What happens to a security deposit if a tenant breaks the lease?

What happens to the security deposit if a tenant leaves before the lease ends?

A lease to rent a home is a contract, but landlord/tenant law can cause some unusual results compared to other areas of contract law. When a tenant breaks their lease they are breaching their contract. But, unlike normal contract law, many states have more clear guidance on the outcomes of this situation than other breach of contract issues.

So what happens to a deposit if a tenant breaks their lease before the end? The short answer is that the landlord can apply the deposit towards the damages, including the lost income from renting the property. However, in Iowa and many other states, a landlord may have an obligation to make the damages as little as possible.

There are three situations where a tenant breaks their lease and leaves early.

  1. There is a legitimate problem with a rental home and, despite giving the landlord proper notice, the landlord has not fixed the problem and it effectively makes the unit unsafe or uninhabitable. In this case, the tenant can break their lease without penalty.
  2. The tenant has to move and gives the landlord notice that they are abandoning the property. This may be in the form of the tenant going to the landlord and turning in their keys, but it could be some other notice. The key element is that the landlord knows or should have known the tenant has left and is not coming back.
  3. The tenant leaves without notifying the landlord and the landlord doesn’t know about it for an extended period of time, often when rent comes due and the landlord doesn’t receive the rent payment.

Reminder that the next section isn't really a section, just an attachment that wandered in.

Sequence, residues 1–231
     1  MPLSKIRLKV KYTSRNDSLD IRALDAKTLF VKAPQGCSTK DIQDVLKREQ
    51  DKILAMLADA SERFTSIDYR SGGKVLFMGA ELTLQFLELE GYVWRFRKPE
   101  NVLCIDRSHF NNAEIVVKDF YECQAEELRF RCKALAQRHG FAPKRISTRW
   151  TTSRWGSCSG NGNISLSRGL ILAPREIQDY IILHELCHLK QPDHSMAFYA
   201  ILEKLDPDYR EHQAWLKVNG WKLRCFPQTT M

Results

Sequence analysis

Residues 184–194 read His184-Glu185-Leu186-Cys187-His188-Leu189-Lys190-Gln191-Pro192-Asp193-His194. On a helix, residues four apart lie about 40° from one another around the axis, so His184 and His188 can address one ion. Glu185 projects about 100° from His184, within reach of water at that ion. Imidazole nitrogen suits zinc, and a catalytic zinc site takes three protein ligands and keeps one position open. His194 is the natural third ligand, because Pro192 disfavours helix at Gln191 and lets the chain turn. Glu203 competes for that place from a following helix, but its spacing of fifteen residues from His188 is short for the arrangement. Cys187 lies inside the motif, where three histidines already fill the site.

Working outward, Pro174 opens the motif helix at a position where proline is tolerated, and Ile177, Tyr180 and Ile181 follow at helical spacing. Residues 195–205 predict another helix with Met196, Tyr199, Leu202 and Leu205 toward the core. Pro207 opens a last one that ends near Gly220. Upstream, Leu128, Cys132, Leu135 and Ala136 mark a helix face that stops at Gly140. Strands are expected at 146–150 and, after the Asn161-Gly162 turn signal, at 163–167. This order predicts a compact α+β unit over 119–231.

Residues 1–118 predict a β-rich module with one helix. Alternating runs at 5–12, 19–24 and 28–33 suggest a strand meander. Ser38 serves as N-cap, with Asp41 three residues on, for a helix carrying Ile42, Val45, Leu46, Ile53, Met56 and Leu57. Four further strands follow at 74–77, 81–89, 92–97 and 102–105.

Early Lease Termination due to a Failure of the Landlord

If there is a legitimate problem with the home, the tenant needs to notify the landlord in writing. This could be a letter, an email, and it is my personal opinion a text message exchange should qualify. A phone call must be followed up in writing, such as an email, and a text message should also be followed up with a better form of writing. A situation that affects the health or safety of a tenant needs to be dealt with. For example, if the locks on a door are broken, this qualifies as an issue needing attention. Small problems that can be fixed cheaper than one month’s rent can be fixed by the tenant and deducted from the rent if the landlord is unresponsive to written requests. Bigger problems need a response by the landlord or the tenant may choose to terminate the lease. A great resource on landlord obligations can be found at the Iowa Legal Aid’s Summary of Iowa Landlord and Tenant Law. For those wanting more technical detail, see Amber DeSmet’s Legislative Guide to Landlord Tenant Law.

If a tenant is legally permitted to end a lease, then the landlord will need to treat the security deposit in the same way as if the lease ended normally. If you are a landlord in this situation, it is worth contacting me to get specific advice, because this area of the law can be tricky. If in doubt, be extra cautious. As you know, landlord/tenant law tends to favor tenants, especially in situations where a tenant’s health or safety is at risk.

Notice of Abandonment

The more common scenario is the second. In this case, the tenant notifies the landlord they have to terminate the lease early. This can happen for a variety of legitimate reasons, such as marriage, divorce, job change, sickness or financial problems. I counsel landlords and tenants to work together in this situation. A tenant may be able to give a month or more notice to a landlord and work with the landlord to have the home rented shortly after the planned move-out date. A landlord in this situation should consider themselves lucky and try to make the process as smooth as possible. That said, the landlord does not need to accommodate a tenant who wishes to break the lease.

The tenant must still pay rent for the remainder of the lease unless the landlord can find a new tenant. If the tenant stops paying the rent, the landlord may apply the security deposit toward the unpaid balance. If the security deposit does not cover the unpaid rent and any necessary repairs that would have been taken from the deposit, the landlord can sue the tenant to recover any unpaid amounts.